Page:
And with that, I'll turn it over to Kevin to talk further about our development portfolio and the balance sheet. Kevin?

Kevin O'Shea -- Chief Financial Officer

Great. Thanks, Sean. Turning to slide 12, we highlight the significant future earnings growth expected to be generated from development under way. Specifically, we have $2.7 billion in new partner communities that are under construction, recently completed with the projected 6% yield on stabilization. These communities are expected to generate $165 million in annual NOI on stabilization, of which only about $3.5 million in NOI is reflected in our second quarter earnings.

This external investment activity, which is already 80% match-funded with long-term capital, will provide us with a durable source of high-quality earnings growth from brand-new, well-located communities that will enhance our portfolio for many years to come. Turning to slide 13. We show our $3.8 billion pipeline in future development opportunities, which are controlled at a very modest cost and offer a lot of flexibility as it relates to timing the start of construction. Only about half of our development rights are conventional, conditional agreements or options to purchase land with private third-party land sellers.

The other half are roughly evenly split between asset densification opportunities, where we are pursuing additional density at existing stabilized assets and public-private partnerships, which are generally long-term development efforts that span a number of years. These types of projects allow more flexibility to align the start of construction with favorable market conditions. In addition, it's worth noting that in creating this pipeline, we've been careful to limit our financial exposure so that we enjoy an attractive set of development opportunities at a modest upfront cost.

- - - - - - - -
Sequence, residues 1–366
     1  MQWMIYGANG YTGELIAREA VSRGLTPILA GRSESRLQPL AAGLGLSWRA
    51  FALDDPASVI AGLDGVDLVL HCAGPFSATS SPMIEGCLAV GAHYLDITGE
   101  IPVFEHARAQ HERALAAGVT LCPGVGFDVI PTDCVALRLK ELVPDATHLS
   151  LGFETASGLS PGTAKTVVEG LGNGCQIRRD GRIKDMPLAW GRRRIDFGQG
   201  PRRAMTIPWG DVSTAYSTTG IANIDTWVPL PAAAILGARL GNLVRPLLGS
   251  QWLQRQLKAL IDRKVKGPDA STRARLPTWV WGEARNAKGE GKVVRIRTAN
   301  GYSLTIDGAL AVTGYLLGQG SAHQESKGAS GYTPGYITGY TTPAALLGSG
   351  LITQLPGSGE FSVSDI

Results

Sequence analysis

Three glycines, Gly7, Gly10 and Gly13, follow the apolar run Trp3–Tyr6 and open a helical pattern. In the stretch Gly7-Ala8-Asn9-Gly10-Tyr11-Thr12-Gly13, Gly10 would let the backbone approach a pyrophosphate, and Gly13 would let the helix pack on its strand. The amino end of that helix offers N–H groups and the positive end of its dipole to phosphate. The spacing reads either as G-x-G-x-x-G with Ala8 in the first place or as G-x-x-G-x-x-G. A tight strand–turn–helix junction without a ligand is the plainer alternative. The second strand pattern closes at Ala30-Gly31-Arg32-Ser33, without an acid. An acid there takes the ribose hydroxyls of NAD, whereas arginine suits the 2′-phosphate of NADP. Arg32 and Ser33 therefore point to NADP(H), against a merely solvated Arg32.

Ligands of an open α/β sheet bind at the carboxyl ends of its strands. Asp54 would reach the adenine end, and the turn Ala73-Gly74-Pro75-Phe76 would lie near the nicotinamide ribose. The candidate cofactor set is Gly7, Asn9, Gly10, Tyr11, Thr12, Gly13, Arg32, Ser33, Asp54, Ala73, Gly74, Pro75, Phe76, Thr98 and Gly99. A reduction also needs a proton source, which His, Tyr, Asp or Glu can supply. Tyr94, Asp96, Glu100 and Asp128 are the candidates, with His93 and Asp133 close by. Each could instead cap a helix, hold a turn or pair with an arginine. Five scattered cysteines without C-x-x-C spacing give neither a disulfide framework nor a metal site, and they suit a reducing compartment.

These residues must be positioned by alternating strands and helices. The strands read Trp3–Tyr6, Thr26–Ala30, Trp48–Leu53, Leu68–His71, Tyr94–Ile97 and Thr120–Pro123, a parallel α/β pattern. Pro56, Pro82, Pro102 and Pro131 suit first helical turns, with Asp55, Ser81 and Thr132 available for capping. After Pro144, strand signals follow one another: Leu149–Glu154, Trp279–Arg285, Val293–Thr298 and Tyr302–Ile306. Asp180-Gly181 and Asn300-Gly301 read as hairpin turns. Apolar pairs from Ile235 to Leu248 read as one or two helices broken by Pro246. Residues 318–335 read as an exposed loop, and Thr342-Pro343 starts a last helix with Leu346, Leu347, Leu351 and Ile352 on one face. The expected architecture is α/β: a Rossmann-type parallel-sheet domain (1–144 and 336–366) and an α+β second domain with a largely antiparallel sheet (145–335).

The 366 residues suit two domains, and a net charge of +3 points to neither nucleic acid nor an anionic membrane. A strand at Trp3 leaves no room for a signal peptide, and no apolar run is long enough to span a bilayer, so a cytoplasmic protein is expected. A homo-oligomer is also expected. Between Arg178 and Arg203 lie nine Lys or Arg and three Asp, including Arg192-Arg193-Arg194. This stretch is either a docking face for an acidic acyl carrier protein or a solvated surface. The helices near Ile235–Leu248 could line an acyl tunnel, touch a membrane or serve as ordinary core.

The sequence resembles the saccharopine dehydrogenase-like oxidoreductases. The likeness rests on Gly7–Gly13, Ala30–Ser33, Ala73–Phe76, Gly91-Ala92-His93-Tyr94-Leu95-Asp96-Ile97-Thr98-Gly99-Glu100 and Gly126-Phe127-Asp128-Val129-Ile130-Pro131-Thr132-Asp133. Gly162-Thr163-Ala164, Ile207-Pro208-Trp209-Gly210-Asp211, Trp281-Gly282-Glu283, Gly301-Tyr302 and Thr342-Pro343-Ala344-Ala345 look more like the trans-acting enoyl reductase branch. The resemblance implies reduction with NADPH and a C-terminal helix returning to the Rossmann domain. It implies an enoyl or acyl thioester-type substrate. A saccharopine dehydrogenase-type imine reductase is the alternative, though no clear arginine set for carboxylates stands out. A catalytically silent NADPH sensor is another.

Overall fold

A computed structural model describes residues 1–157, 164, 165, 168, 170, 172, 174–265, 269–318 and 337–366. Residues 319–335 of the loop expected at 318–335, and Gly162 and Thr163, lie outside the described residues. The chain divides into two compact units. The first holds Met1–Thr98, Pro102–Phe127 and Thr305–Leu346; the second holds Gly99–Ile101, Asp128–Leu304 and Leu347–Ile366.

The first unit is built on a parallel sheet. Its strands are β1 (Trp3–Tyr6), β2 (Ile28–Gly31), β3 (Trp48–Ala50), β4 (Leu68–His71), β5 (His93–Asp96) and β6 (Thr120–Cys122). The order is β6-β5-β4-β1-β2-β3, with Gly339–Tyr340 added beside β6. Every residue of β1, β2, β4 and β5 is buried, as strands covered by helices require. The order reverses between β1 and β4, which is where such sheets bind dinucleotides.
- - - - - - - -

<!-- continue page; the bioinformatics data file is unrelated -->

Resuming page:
At the end of the second quarter, land held for development was a mere $19 million, and pursuit costs represented an additional $60 million, allowing us to control nearly $4 billion of future development across our markets for an upfront investment of only 2% of projected total capital cost. Collectively, this investment in our pipeline is as low as it has ever been as a percentage of our total enterprise value. And while we've been active on development, we've also been disciplined in maintaining a strong balance sheet. On slide 14, we show several of our key credit metrics and compare these to the sector average for unsecured multifamily REIT borrowers. As you could see with net debt-to-core EBITDAre of 4.8x, unencumbered NOI at an all-time high of 93% and a weighted average years to maturity on our debt of 9.3 years, our credit metrics remain strong in both absolute and relative terms, reflecting our superior financial flexibility.

And with that, I'll turn it back to Tim.

Timothy J. Naughton -- Chairman, Chief Executive Officer and President

All right. Great. Thanks, Kevin. So in summary, our business plan remains more or less intact for the year. Our expectation for core FFO has increased modestly. The portfolio is performing slightly better than expected, with full year NOI growth of 3.25% projected, 25 basis points higher than initial outlook. Rent growth continues to converge to the 3% plus or minus range across our footprint. Lease-ups are performing well, as Sean mentioned, and are projected to contribute meaningfully to FFO and NAV growth over the coming quarters.

And lastly, 10 years into the current expansion, we are intensely focused on risk management on both sides of the balance sheet. On the investment side, we are positioned to deliver growth for new development but in a risk-measured way, with modest pursuit costs and land inventory exposure and match-funding development as we start construction. In terms of our capital position, our credit metrics and liquidity are at cyclically strong levels and better-than-industry averages.

And with that, Cody, we are ready to open the call for Q&A.

Questions and Answers:

Operator

[Operator Instructions] We will hear first from Nick Joseph with Citi. Please go ahead.